Fanning is still a youngster, even if she's a veteran of the silver screen. She's so good ?she makes you forget she's only 15 (she just turned 16 on February 23). She pulls off a character that could have easily become pitiful or unlikable. Her take on Currie does neither. She walks, actually swaggers, a fine line that left me feeling that Currie owned her narrative even when it was slipping out of control. Fanning proves she can easily move on to adult roles.

Shannon does a delicious take on legendary record producer Kim Fowley. Fowley is larger than life, and playing folks like that can be tough. Shannon finds a groove, catching all of Fowley's amoral bombast without turning into a cartoon.

First-time writer/director Floria Sigismondi does a great job of keeping the story under control. Biopics are difficult, with a tendency to squeeze too much into a feature-length film (see Walk the Line). Sigismondi wisely focused on the three years of the band's rise and fall. She also focuses on the relationship between Jett and Currie. This keeps the narrative manageable and cohesive. Sigismondi springs from a successful career directing music videos, so her rock credentials are in order.

The big question is: Who's going to see this movie? The tweens who are wetting themselves over whether they're on Team Jacob or Team Edward aren't getting in; the R rating assures that. The Runaways aren't part of the frame of reference for most people under 30, and most folks over 30 have assimilated their teenage drama into their adult life and moved on.

That leaves underage gatecrashers, armchair rock historians, and horny straight guys who cruise Alki Beach in their Corvettes looking for underage action.

However, I hope I'm wrong. This is a nicely turned-out biopic about two members of a band that broke ground and opened doors. The narrative is managed well and the acting is solid. And, though I don't need to say it, the soundtrack is awesome.


Paramount screens 'Silents from the South Seas'
by James Whitely - SGN Staff Writer

Silent Movie Mondays:
Silents From the South Seas
March 22 and 29
Paramount Theatre


All this month, Trader Joe's and Seattle Theatre Group are presenting Silent Movie Mondays at the Paramount Theatre. If you saw South Pacific during its run at the 5th Avenue Theatre, you'll love March's theme, "Silents from the South Seas."

Enjoy free Trader Joe's food as you take in the splendor of the historic Paramount Theatre and watch these wonderful pieces of forgotten cinema. Each silent film is accompanied by the "Wizard of the Wurlitzer," critically acclaimed organist Jim Riggs on the Mighty Wurlitzer Organ, one of the last three organs of its kind to reside in its original environment.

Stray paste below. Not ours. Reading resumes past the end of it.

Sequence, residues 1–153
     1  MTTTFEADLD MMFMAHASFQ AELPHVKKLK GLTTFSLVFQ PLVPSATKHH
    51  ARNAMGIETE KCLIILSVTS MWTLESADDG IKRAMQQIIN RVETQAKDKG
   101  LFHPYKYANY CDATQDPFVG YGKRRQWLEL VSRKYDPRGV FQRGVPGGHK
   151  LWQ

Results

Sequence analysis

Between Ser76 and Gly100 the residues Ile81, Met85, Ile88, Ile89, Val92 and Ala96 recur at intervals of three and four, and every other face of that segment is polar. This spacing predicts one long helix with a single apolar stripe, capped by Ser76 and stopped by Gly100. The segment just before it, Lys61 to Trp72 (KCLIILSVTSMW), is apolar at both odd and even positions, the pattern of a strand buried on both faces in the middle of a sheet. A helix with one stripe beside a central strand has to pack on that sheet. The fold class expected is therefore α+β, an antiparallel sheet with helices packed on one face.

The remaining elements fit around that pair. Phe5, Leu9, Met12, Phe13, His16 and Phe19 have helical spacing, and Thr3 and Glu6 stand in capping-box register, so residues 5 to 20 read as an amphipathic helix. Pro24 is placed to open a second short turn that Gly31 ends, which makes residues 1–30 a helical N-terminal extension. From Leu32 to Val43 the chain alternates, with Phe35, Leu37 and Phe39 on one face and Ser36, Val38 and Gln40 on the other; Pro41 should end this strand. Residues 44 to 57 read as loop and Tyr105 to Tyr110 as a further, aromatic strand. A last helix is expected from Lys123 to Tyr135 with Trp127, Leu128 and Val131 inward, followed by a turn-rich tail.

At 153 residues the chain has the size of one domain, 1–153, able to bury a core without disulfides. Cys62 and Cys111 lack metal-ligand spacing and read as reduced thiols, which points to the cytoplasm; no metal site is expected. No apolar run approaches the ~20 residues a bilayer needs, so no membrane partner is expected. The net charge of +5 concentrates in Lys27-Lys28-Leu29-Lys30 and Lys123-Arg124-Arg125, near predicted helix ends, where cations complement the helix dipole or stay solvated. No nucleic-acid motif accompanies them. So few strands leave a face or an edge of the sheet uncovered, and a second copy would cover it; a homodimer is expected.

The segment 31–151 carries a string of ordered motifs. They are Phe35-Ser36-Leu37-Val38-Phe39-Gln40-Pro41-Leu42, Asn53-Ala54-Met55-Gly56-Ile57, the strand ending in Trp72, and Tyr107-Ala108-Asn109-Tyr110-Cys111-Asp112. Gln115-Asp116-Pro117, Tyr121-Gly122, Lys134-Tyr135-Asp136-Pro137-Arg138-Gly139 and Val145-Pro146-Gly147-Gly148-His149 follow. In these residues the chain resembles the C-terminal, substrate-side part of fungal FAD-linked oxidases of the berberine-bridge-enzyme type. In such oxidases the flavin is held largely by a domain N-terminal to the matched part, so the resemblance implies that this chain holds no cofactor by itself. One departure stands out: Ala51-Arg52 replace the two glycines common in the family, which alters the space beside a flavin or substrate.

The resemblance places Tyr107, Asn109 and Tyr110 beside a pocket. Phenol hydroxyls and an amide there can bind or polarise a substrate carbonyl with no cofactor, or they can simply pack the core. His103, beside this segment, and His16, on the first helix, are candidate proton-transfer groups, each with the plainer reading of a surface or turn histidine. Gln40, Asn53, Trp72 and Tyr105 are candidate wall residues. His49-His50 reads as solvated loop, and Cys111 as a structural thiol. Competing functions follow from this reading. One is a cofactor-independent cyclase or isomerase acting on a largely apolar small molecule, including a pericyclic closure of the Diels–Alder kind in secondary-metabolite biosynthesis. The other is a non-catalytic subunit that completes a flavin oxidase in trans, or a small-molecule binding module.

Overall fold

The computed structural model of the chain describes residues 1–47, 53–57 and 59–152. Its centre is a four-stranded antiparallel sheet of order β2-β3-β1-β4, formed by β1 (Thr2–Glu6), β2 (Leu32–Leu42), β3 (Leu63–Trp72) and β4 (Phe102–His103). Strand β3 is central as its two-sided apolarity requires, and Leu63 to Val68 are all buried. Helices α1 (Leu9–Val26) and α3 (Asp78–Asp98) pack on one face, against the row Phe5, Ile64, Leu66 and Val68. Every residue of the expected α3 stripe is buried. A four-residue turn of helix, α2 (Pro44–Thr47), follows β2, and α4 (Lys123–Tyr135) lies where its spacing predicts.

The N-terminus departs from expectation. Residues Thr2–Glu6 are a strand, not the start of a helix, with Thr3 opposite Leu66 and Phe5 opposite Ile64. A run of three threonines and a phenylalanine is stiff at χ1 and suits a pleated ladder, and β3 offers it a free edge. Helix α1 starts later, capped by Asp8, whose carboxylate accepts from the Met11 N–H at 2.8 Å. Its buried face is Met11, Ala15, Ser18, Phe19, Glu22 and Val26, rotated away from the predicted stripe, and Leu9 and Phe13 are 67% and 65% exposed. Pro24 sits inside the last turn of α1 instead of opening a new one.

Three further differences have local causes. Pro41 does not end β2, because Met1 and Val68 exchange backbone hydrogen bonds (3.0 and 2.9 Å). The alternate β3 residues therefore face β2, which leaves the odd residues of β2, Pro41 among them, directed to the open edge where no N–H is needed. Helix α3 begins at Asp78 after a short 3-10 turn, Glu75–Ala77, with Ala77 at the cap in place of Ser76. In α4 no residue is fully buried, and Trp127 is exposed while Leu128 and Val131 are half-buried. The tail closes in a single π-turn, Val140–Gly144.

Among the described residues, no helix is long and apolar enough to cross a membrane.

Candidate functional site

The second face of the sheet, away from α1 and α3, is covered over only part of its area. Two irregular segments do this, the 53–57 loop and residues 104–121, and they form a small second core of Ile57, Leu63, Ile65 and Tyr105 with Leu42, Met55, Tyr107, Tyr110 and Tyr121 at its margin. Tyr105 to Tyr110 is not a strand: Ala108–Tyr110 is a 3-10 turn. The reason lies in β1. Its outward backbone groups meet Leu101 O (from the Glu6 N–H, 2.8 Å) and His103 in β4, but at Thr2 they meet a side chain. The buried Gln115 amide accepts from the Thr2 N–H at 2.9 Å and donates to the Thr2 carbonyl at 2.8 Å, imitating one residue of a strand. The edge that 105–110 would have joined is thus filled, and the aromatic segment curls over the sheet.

The 35mm film of the evening for March 15, Sadie Thompson, directed by Raoul Walsh and released in 1928, was a two-hour dramatic journey of tropical splendor. A young and gorgeous Gloria Swanson (Sunset Boulevard) stars as Sadie Thompson in this early silent and sultry predecessor to Joan Crawford's 1932 Rain.

While staying at the only island hotel on a small Marine outpost in the South Seas, the young, boozing, smoking, jazz-listening, and oh-so over-the-top sinning prostitute Sadie meets Sergeant O'Hara (Walsh) and begins to fall for him.

Unfortunately for her, though, she also meets Mr. Davidson, a "moralist" preacher who tries to get Sadie to change her ways. Davidson has pull with the island's governor and threatens to have her deported if she doesn't repent.

The Wurlitzer, however mighty it may be, doesn't seem to overpower the film, or Swanson's over-the-top character. It only compliments the wild young woman and the rest of the cast.

Only two Silent Movie Mondays remain this month with the "Silents from the South Seas" theme. Next week's screening on March 22 is Tabu: A Story of the South Seas. Tabu is commonly held as one of the greatest masterpieces of silent film - don't miss it.

Silent Movie Mondays begin at 7 p.m. at the Paramount Theatre (911 Pine Street). Coffee and a few food items are available, and prices are more reasonable than most theaters. A small bar is available for those with ID.

For more information visit www.stgpresents.org.


Remember Me unforgettable for all the wrong reasons
by Sara Michelle Fetters - SGN Contributing Writer

Remember Me
Opening March 12


There is a moment in the new melodrama Remember Me starring Twilight heartthrob Robert Pattinson where the oxygen drains completely out of the theater in a way I can say I have never seen before. It is the penultimate scene of the film; the scene where everything comes to a head and one that is I guess designed to reduce its audience into a frantic flurry of cascading tears.

Except this doesn't happen. Instead, everyone looks to their left and to their right, muttering to their friends and asking one another if what they think is about to happen really is going to take place. When it does, you can then hear them all gasp - not in emotional overload, but in un-amused befuddlement. All the heart and soul the audience invested in these characters because of the strength of the writing and the performances is - and excuse me for saying this - reduced to rubble. The only thing left behind is the sound of a strong movie falling to pieces right before your very eyes.